Although statins, aspirin, and beta blocker therapy together markedly reduce recurrent coronary artery disease (CAD) events and cardiovascular death and are the mainstay of nationally recommended CAD secondary prevention, these agents remain seriously underutilized in underserved populations. Post-hospitalization CAD case fatality rates are significantly higher in patients from underserved backgrounds, attributed in part to failure to be able to afford, access, and adhere to preventive pharmacotherapy. Complex systems that assure payment for medications are known to be difficult to navigate, particularly for underserved populations. Patient navigators (PN) have been shown to improve access to care and improve outcomes in cancer care in underserved populations. Preliminary data from our randomized Pilot Study of PN in 46 underserved CAD patients show improved medication access and risk factor outcomes in the group randomized to the PN compared with enhanced usual care. We thus propose a larger randomized controlled trial of PN versus EUC in 360 (51% Black American, 26% female) low income or low educational level CAD patients discharged from the hospital without any medication insurance coverage. In the EUC """"""""control"""""""" group, providers are given information about how to access resources whereas in the PN group, the PN interacts with patients regularly using guided interviews.
The specific aims are to compare the impact of the PN vs EUC at 6 and 12 months post CAD discharge on (1) the percent of patients who seek primary care follow-up, (2) adhere to beta-blocker, aspirin, and statin therapy, (3) reduce risk factors (LDL-cholesterol, diastolic and systolic blood pressure, inflammatory cytokines, platelet activation) and (4) demonstrate improved vascular health using brachial artery reactivity flow-mediated dilatation. The analyses will be carried out using GLM and/or GEE techniques. All multivariable analyses will be conducted adjusting for sex, nature of the CAD, age, social support variables, behaviors, education and socioeconomic status, in addition to the intervention contingency. This study offers a significant contribution toward the design of innovative ways to address disparities that persist in CAD outcomes in underserved populations. This application proposes a randomized controlled trial in low income or low educational level coronary disease patients discharged from the hospital without any medication insurance coverage with endpoints focused on (1) improvement in the percent of underserved patients who seek early primary care follow-up, (2) adherence to beta- blocker, aspirin, and statin therapy, (3) reduction in risk factors and (4) improvement in brachial artery reactivity flow-mediated dilatation as a proxy for improved vascular health.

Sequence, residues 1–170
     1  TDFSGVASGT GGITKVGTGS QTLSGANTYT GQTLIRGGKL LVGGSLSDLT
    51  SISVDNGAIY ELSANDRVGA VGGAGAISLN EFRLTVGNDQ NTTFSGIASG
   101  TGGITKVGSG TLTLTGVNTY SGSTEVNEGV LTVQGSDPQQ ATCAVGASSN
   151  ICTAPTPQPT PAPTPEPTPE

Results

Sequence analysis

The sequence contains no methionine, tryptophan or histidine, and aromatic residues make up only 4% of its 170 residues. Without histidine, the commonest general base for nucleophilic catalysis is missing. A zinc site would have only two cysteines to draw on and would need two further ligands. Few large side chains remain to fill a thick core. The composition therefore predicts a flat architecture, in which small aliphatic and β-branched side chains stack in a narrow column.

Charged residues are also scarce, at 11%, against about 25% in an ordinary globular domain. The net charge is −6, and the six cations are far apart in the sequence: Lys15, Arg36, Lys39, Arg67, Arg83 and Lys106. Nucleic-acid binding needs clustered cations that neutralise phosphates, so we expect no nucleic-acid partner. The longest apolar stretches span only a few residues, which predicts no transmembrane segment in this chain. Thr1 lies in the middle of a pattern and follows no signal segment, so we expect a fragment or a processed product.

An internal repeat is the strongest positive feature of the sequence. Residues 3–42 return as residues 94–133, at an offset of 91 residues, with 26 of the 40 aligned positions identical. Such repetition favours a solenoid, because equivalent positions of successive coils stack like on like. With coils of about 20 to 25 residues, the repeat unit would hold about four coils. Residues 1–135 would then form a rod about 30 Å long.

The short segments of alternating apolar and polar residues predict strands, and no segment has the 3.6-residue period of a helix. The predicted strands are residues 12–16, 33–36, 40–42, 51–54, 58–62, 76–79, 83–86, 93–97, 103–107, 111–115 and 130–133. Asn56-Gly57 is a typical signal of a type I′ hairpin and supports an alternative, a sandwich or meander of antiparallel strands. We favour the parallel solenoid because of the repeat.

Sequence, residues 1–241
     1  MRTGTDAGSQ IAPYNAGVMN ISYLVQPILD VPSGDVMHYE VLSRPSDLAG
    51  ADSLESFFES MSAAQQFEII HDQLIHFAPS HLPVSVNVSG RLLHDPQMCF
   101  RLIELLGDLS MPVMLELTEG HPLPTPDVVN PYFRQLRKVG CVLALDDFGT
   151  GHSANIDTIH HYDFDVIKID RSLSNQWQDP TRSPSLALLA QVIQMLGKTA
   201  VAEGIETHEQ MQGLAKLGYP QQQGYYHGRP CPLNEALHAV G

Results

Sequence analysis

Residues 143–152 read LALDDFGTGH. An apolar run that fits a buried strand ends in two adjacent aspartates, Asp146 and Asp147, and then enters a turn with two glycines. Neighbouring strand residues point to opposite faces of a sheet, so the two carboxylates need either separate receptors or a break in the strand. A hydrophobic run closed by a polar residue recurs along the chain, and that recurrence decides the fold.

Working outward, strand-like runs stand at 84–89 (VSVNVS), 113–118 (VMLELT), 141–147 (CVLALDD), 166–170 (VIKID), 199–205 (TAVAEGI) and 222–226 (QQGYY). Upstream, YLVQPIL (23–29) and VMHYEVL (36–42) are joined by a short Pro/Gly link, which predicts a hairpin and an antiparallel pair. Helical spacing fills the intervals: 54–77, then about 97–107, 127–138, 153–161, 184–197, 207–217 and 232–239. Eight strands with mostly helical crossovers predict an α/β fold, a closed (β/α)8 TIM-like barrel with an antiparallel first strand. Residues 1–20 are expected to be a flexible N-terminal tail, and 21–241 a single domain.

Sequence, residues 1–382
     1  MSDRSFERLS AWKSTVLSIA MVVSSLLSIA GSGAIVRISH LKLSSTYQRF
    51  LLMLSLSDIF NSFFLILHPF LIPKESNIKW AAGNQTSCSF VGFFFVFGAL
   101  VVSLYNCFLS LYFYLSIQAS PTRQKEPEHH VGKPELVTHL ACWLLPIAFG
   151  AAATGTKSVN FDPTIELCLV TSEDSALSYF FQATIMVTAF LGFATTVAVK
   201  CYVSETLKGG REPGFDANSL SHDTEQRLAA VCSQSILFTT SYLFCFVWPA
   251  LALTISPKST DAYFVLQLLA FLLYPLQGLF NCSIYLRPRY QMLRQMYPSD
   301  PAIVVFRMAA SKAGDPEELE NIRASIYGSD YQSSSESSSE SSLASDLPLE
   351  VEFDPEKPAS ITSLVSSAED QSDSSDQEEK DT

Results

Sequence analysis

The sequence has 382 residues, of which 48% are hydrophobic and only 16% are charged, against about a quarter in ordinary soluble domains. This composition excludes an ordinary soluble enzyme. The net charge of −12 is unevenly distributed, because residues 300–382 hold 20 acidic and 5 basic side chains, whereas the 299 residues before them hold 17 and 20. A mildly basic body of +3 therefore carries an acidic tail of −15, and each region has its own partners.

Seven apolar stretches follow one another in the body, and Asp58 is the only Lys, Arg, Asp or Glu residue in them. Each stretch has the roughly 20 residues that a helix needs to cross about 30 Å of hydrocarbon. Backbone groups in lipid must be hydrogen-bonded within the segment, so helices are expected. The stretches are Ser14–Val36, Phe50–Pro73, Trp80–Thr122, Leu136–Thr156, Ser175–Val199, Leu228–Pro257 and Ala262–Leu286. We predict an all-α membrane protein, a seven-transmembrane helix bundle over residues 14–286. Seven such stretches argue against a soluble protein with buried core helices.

|Nyquist, Paul A; Bilgel, Murat; Gottesman, Rebecca et al. (2015) Age differences in periventricular and deep white matter lesions. Neurobiol Aging 36:1653-1658|